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Landing Page Quality Guidelines
Does Google's definition of affiliate sites need clarifying?
SuperF




msg:4011995
 2:45 am on Oct 23, 2009 (gmt 0)

Website Types to Avoid

Data collection sites that offer free items, etc., in order to collect private information

Arbitrage sites that are designed for the purpose of showing ads

Affiliate sites that the primary purpose of which is to drive traffic to another site with a different domain

"Get-rich quick" sites

Malware sites that knowingly or unknowingly install software on a visitor's computer

Poor comparison shopping or travel sites whose primary purpose is to send users to other shopping/travel comparison sites, rather than to provide useful content or additional search functionality

Given that promoting sites that Google gives a low quality score to now places your entire account in jeopardy, it would be useful to get a clarification of what exactly Google means by affiliate sites that have a "primary purpose" of sending traffic elsewhere.

On the one hand, this could describe every affiliate site. They are unlikely to promote their site using Adwords if their site is non-profit. Affiliates, by definition, don't have their own product to sell. They make by sending visitors to a merchant and collecting commissions from any resulting sales - it is their business model and primary reason for existing.

On the other hand, Google could be trying to say, if your site is blatantly just existing to send visitors elsewhere - in the eyes of the searcher - it is poor quality, BUT if you provide lots of unique content that the visitor would find valuable and useful, then it's OK.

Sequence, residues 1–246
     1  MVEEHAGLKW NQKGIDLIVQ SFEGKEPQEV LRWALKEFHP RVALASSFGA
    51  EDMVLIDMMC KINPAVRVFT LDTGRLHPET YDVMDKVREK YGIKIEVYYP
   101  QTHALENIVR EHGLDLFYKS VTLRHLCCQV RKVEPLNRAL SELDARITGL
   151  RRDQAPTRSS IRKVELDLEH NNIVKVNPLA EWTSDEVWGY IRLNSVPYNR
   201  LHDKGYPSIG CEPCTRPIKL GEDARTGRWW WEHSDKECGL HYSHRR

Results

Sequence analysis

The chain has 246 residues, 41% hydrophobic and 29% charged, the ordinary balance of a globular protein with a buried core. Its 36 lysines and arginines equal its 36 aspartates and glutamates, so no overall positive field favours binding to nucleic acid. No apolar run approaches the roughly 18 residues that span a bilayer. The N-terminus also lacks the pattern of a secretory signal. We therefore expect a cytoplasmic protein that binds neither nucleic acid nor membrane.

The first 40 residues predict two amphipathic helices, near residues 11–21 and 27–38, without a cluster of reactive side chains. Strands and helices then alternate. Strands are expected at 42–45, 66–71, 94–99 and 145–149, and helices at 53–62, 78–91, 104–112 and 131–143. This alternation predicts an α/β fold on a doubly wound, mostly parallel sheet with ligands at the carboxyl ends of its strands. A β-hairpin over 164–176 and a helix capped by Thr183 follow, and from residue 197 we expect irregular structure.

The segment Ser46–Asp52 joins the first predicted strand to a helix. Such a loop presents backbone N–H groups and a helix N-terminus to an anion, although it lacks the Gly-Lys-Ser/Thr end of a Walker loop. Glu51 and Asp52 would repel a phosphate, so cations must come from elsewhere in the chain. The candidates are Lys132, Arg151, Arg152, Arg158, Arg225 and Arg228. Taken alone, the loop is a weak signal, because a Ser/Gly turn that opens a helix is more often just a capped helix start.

Ultimately, I'd just like to know if Google means all affiliate sites, or just certain types, when describing to sites to avoid promoting on Adwords

----

An additional question - given the serious nature of these guidelines, and the serious ramifications if a Adwords customer breaks them, should we be alerted to when they are updated, or are we expected to check them every day?

 

buckworks




msg:4011999
 2:54 am on Oct 23, 2009 (gmt 0)

the primary purpose of which is to drive traffic to another site with a different domain

That could also describe every directory and every search engine, including Google itself.

You're certainly right that clarification is needed!

pavlovapete




msg:4013190
 10:36 pm on Oct 25, 2009 (gmt 0)

Their model is self-service. I recall they declared some time ago that they would not notify us when changes were made. It is our responsibility to keep up with the guidelines. A loose guideline probably means they have more room to move and probably prevents vexatious litigation.

It is their system - they set the rules.

Dlocks




msg:4013205
 11:06 pm on Oct 25, 2009 (gmt 0)

Their model is self-service. I recall they declared some time ago that they would not notify us when changes were made.

[..]

It is their system - they set the rules.

In my country (Netherlands) this is against the law. I think this is also agains the law in the US:

Web Contracts Can't Be Changed Without Notice

"The U.S. Court of Appeals for the Ninth Circuit ruled on July 18th that contracts posted online cannot be updated without notifying users (PDF of ruling). 'Parties to a contract have no obligation to check the terms on a periodic basis to learn whether they have been changed by the other side,' the court wrote. This ruling has consequences for many online businesses, which took for granted their right to do this (see for example item 19 in Google's Terms of Service)."